Young, Black and Feminist

These women are giving voice to communities that have long gone unheard.

Wagatwe Wanjuki; Hannah Giorgis; Lori Adelman
Wagatwe Wanjuki; Hannah Giorgis; Lori Adelman Courtesy of Wagatwe Wanjuki; courtesy of Hannah Giorgis; courtesy of Lori Adelman

A growing collective of young black feminists is helping to give voice to communities that have long gone unheard and underrepresented. Social media platforms such as Twitter have given this new generation of activists a place to build community, to debate gender and sexual politics, and to use as a springboard for a career. Here’s a list of young black feminists who are making a difference.

1. Wagatwe Wanjuki

Wanjuki runs the popular blog F–k Yeah, Feminists, where she uses her personal story of sexual assault to help empower other sexual assault survivors. Wanjuki is also working to end campus sexual violence. She has been an organizer for the Know Your IX campaign, a program designed to educate college students about their rights under Title IX, which has primarily been used to address sex discrimination in sports but is really about ending sex discrimination in education. Wanjuki has written for many feminist publications and has appeared on The Daily Show and Katie Couric’s talk show. She was recently invited to the White House to discuss campus sexual violence.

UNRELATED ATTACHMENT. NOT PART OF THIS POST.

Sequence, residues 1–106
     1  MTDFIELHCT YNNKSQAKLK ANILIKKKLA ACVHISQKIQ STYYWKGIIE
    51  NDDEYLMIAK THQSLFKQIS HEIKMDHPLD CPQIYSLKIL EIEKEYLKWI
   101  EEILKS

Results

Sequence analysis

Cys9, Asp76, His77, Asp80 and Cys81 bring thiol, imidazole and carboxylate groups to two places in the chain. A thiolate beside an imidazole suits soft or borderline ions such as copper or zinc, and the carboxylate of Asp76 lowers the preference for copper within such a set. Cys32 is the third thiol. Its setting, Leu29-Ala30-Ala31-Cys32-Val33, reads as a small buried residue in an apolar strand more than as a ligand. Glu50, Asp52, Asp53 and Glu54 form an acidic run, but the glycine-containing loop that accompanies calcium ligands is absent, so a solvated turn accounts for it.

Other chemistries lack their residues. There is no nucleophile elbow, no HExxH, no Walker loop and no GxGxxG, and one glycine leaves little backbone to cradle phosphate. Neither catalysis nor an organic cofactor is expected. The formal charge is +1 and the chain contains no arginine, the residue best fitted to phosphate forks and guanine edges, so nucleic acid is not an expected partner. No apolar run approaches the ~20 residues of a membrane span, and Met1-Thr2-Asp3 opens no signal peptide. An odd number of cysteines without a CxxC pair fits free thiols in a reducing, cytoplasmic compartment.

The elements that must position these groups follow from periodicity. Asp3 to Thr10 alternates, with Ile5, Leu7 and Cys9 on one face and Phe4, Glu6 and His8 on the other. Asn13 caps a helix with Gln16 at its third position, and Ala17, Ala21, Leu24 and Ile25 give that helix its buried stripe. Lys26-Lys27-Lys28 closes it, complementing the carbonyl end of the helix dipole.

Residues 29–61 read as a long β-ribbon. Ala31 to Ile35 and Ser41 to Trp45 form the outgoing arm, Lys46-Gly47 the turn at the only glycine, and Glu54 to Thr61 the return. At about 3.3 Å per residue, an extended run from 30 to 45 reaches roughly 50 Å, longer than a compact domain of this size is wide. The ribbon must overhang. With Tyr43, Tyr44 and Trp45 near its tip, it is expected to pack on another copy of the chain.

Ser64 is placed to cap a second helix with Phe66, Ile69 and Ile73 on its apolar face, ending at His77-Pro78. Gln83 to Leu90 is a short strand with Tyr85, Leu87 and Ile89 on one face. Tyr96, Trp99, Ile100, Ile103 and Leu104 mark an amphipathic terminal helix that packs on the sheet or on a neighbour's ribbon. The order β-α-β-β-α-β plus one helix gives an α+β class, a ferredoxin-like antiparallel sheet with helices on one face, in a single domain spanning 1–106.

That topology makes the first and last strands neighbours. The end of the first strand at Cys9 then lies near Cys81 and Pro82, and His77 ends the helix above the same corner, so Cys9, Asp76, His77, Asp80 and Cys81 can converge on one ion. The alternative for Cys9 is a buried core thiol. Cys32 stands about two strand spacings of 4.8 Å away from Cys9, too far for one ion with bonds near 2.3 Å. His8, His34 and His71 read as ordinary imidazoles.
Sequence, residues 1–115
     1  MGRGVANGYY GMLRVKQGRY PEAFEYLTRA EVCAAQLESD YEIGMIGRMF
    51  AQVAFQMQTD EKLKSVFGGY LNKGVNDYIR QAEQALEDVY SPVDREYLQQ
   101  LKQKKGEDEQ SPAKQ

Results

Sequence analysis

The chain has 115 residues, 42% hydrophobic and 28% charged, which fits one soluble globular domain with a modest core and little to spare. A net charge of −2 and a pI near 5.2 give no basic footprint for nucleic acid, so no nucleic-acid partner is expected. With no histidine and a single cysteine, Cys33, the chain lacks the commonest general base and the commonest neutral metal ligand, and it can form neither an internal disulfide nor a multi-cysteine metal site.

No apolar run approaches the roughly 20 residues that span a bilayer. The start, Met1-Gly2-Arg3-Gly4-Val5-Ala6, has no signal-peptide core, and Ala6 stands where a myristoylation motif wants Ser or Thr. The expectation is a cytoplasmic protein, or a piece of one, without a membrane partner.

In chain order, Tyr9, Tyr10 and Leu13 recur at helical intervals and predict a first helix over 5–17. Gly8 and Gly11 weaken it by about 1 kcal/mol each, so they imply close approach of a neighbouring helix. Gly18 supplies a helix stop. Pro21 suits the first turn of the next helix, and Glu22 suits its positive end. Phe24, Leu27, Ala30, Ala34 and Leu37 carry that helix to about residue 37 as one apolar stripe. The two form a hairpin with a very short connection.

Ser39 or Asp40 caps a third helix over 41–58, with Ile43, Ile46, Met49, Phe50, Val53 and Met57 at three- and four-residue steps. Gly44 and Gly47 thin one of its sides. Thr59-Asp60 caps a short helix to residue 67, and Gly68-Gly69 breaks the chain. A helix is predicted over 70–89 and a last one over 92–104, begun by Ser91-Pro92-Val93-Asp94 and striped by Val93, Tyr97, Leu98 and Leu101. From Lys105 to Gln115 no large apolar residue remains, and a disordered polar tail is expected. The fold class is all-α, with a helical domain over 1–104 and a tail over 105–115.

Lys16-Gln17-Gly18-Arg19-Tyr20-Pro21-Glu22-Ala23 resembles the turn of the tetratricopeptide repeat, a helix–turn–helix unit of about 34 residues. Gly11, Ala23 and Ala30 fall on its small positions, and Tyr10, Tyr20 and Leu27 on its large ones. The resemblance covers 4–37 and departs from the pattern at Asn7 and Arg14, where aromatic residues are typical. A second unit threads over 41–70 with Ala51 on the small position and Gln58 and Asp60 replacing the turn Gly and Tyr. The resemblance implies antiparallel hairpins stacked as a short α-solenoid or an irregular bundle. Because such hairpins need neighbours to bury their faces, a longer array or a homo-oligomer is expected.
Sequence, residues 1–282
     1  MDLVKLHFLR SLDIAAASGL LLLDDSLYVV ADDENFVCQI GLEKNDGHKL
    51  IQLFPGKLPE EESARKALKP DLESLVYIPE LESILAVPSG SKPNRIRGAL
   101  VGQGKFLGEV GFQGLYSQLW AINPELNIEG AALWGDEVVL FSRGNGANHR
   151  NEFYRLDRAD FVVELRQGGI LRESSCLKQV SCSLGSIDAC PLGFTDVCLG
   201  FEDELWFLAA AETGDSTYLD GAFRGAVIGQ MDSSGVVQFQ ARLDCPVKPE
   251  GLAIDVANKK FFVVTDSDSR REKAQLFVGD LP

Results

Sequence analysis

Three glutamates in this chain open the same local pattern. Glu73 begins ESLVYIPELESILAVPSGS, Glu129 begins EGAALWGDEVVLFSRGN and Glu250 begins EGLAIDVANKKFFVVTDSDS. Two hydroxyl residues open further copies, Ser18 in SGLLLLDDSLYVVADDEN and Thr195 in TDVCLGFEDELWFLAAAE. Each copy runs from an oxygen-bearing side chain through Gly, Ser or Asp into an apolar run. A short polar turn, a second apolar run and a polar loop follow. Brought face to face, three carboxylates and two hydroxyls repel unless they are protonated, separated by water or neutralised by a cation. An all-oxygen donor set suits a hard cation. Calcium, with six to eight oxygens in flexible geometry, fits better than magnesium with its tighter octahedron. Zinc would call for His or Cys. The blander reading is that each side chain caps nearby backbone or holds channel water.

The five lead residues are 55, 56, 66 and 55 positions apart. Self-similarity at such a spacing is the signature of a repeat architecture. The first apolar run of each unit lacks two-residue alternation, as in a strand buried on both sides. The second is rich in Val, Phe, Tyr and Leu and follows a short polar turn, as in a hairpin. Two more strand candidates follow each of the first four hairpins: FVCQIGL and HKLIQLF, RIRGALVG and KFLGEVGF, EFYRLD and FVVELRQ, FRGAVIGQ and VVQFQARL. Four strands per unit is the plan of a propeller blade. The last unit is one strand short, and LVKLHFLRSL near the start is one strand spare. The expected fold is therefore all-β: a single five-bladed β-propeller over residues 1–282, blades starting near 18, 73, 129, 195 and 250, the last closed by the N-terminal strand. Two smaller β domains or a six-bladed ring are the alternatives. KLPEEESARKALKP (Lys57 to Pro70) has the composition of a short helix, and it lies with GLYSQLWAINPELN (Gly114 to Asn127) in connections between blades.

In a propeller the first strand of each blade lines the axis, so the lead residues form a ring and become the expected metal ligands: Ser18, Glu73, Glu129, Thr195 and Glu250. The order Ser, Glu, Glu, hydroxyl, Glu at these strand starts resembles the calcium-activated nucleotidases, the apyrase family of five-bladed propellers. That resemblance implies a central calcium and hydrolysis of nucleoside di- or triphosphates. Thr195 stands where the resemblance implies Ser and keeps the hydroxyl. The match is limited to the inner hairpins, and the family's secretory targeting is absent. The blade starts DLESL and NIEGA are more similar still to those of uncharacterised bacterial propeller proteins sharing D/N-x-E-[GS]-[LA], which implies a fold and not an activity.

2. Hannah Giorgis

Giorgis is an up-and-coming feminist writer whose work has appeared in Black Girl Dangerous and The Youngist. Giorgis has amassed a large following on her blog, Ethiopienne.

3. Lori Adelman

Currently working as the executive director of partnerships for the influential site Feministing, Adelman has a long rap sheet of feminist work. She works as a communications and advocacy officer in the global division of Planned Parenthood Federation of America. Previously Adelman worked for the Every Woman Every Child initiative, which was launched in 2010 by United Nations Secretary-General Ban Ki-moon, and at the International Women’s Health Coalition.

Comments